Travel Tips Australia

    Working in the Outback

    July 17, 2017

    Australia is filled with dazzling landscapes and exotic wildlife. Truly, it’s a land unlike any other. But this country is enormous and also quite expensive (especially when compared to Southeast Asia).

    Enter the working holiday visa programme.

    The Australian government grants one-year, multiple-entry employment visas to young people around the world, which allows them to work freely while exploring the country.

    We decided to snap up the opportunity to see Australia and replenish our travel funds at the same time. Two friends from Germany we had met in Vietnam suggested that we could take over their jobs, as they were leaving to travel again.

    And that’s how we found ourselves in the middle of the Outback.

    The middle of the Territory: Tennant Creek. Photo credit

    The middle of the Territory: Tennant Creek. Photo credit

    Where the heck is Tennant Creek?

    Tennant Creek is a little town on the north-south Stuart Highway that runs through the “Red Centre” of Australia.

    The population is a little over 3,000 and yet it’s the fifth largest town in the Northern Territory. It takes about 6 hours to drive to the next proper town. This part of Australia is very rural, and it’s not safe to drive after dark because the livestock isn’t fenced in.

    The nearest point of interest is the Devil's Marbles.

    The nearest point of interest is the Devil’s Marbles.

    It's the outback, mate.

    It’s the outback, mate.

    Welcome to the Bluestone!

    For the past four months, we lived and worked at a busy motel/restaurant called the Bluestone Motor Inn. We hosted many government and corporate workers, as well as travellers and coach groups on their way to and from the Red Centre.

    When we started work after a year of unemployed vagabonding, it was a shock. By day, we worked in housekeeping and reception. At night we served dinner and drinks in the restaurant.

    The job is physically demanding and in high summer the weather was unbelievably hot and dry. I was a zombie for the first week, crashing into bed every afternoon for a few hours’ rest between shifts.

    Thankfully, we soon got used to the long hours on our feet and learned all the details. We had awesome coworkers who made the job fun even when we were flat-out busy (which was almost always).

    Housekeeping was actually not bad because most of our guests aren’t disgusting. We listened to podcasts and chatted with the other staff while we cleaned. I found the tangible results gratifying. And sometimes we found beer abandoned in the mini-fridge!

    Working in the restaurant was very social, because our accent was an instant icebreaker. We don’t sound Aussie at all! Some guests were really curious to hear where we were from, and how we ended up in the Outback. It was fun to share our journey and make connections with people from all over the world.

    Tennant Creek may be a dusty highway town, but in a way it’s also the middle of everywhere.

    The hotel complex from above (note the red dirt).

    The hotel complex from above (note why it’s called the Red Centre.)

    One of our deluxe rooms, clean and ready for the next guest.

    One of our deluxe rooms, clean and ready for the next guest.

    Nina and I getting our fine dining on.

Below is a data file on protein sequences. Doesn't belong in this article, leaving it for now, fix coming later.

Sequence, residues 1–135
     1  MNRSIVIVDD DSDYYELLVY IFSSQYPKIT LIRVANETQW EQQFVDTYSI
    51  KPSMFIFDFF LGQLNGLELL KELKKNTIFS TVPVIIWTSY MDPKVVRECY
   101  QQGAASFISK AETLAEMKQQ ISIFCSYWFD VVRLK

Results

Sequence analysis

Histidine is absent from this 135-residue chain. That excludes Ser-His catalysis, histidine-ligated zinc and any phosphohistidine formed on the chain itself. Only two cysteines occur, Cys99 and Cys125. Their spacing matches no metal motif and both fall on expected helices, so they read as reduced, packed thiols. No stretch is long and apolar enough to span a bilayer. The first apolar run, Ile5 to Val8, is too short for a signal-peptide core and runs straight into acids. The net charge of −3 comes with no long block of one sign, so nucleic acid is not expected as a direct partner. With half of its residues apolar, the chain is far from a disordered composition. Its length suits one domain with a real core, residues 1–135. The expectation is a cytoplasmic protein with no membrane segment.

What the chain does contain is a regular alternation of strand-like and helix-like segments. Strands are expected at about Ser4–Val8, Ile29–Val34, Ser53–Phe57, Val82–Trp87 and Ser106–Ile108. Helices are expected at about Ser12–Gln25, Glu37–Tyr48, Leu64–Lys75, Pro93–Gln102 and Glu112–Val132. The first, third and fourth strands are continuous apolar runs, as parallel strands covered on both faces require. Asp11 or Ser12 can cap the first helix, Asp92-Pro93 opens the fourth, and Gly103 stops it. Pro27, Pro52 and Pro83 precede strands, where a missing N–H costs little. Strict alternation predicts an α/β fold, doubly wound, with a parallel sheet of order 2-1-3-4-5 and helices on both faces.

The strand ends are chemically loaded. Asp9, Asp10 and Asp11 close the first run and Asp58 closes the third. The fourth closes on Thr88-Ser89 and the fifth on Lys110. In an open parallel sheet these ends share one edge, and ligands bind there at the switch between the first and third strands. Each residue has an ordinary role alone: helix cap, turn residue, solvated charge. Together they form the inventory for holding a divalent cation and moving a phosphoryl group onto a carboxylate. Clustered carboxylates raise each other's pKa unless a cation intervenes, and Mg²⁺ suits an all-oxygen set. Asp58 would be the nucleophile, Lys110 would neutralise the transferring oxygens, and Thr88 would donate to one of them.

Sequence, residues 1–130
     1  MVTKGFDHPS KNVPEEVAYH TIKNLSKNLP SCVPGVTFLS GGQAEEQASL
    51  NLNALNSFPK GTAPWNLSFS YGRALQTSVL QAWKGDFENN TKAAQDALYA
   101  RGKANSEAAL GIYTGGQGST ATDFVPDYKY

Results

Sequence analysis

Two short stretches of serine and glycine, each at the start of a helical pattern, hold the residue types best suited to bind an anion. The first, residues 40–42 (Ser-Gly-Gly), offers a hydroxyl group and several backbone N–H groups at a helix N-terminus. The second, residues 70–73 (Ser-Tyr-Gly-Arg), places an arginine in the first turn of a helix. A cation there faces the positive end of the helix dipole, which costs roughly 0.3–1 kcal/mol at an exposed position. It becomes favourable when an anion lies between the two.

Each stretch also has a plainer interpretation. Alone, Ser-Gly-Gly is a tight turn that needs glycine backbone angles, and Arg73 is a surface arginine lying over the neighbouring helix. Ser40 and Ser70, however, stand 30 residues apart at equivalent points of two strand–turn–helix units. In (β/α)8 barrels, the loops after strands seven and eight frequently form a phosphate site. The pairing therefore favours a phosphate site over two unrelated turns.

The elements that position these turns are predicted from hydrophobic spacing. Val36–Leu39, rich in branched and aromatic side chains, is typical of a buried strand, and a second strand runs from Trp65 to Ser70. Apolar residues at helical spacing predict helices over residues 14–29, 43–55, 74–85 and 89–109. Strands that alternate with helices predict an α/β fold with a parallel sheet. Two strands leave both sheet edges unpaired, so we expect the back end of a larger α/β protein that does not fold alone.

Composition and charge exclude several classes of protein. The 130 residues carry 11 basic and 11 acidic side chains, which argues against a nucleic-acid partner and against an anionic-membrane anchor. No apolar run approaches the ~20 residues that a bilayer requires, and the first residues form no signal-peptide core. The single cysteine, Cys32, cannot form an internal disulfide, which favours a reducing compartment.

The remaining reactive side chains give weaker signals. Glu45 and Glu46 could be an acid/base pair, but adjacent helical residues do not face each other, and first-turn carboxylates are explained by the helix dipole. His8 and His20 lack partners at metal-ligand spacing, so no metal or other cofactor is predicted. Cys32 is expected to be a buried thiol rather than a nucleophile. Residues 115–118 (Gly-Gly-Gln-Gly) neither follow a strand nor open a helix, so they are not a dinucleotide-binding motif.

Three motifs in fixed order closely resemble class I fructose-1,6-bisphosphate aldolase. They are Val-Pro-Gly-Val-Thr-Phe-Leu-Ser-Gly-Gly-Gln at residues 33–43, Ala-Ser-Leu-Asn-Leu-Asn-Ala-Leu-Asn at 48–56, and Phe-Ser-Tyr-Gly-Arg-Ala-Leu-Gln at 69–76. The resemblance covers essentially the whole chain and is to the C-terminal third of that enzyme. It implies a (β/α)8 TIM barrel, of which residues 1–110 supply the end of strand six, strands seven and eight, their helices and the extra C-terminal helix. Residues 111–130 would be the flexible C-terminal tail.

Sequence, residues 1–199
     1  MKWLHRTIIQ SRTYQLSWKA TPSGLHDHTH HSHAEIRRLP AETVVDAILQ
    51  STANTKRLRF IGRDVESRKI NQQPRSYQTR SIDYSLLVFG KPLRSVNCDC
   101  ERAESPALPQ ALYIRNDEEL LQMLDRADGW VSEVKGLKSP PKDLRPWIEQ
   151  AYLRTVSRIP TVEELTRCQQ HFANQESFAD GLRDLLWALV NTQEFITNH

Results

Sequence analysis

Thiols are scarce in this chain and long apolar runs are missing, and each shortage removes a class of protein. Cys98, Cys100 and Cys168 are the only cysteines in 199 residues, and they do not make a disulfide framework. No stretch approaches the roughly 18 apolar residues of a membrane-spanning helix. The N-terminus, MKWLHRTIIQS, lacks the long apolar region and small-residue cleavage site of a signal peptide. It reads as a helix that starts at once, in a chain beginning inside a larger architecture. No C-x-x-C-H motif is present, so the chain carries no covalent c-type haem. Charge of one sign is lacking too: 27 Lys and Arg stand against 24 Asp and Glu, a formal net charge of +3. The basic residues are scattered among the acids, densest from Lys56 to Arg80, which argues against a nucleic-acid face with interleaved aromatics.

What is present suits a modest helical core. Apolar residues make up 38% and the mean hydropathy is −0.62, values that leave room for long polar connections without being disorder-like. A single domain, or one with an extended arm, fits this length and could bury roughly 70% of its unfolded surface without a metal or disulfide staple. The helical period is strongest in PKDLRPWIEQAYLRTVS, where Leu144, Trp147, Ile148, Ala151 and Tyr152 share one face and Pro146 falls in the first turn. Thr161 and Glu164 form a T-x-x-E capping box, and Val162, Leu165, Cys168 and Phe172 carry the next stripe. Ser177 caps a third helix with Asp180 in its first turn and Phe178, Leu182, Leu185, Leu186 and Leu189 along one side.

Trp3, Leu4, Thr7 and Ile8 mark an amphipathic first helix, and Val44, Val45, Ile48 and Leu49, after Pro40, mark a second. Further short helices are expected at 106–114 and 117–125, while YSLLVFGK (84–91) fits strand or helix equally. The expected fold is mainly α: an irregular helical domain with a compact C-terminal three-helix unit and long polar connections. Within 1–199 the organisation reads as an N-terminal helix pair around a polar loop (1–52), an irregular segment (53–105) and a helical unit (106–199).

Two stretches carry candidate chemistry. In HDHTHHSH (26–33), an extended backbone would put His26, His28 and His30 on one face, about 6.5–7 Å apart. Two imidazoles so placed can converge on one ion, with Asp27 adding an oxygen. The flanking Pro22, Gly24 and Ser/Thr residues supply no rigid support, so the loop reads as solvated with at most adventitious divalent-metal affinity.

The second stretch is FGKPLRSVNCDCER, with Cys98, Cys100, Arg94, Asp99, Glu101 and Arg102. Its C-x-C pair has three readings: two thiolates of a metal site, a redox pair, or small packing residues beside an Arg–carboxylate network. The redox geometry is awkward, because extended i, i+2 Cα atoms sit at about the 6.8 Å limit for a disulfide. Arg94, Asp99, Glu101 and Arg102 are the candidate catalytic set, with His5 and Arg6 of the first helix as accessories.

Want some fine dining? Nina and I are ready to serve.

    Our homegirls from China: Julia (left) and Dee.

    An awesome team! Our homegirls from China: Julia (left) and Dee.

    That Hotel Life

    We worked so many hours that honestly, we rarely left the hotel complex. Most of our downtime was spent resting in our room, peppered with the occasional trip to the lake or the library. More than half the staff lived on the premises, so we spent a lot of time together even when we weren’t on the clock.

    We had some rough spells during our tenure as hospitality “allrounders.” Sometimes we’d feel so tired that it made us cranky. There were days when we’d have to clean almost 50 rooms, and nights where dinner service was pure hell. Some guests could be demanding and difficult. And we definitely had a period of cabin fever where we wanted to escape Tennant Creek!

    But we made so many great memories as well. Our superstar coworkers from China, Thailand, Fiji and Australia became new friends. The chef made it her personal mission to educate us on Australian obscenities slang, which was hilarious. Everyone celebrated my 30th birthday with a Mexican fiesta— and a couple months later, a pizza party for Schuyler. Some of the frequent and long-stay guests we got to know quite well. The hotel adopted a precious little black cat named Jemima. There were staff drinks after hard nights, and sometimes just because. Everyone was working away from home and we became a kind of family.

    Schuyler and I counted down the days until our jobs would be over, but when the end finally came in it was bittersweet. I’m good on making beds for a while, but our time in Tennant Creek was more than a money-making gig: it was a rich and colorful life experience.

    We were sad to say goodbye to our friends but excited to finally hit the road again. After a long bus ride in the middle of the night and a flight out of the Red Centre, we found ourselves back on the crowded east coast. With some money in the bank and flights booked, it’s time to continue the adventure!

    Superstars! Our managers Sharon and Jarrod.

    Superstars! Our managers Sharon and Jarrod.

    Jemima selfie

    Low quality Jemima selfie. That cat knows how to snuggle.

    Our cranky chef, Ardy. We finally became mates.

    Our cranky chef, Ardy. We finally became mates, as you can see from this picture.



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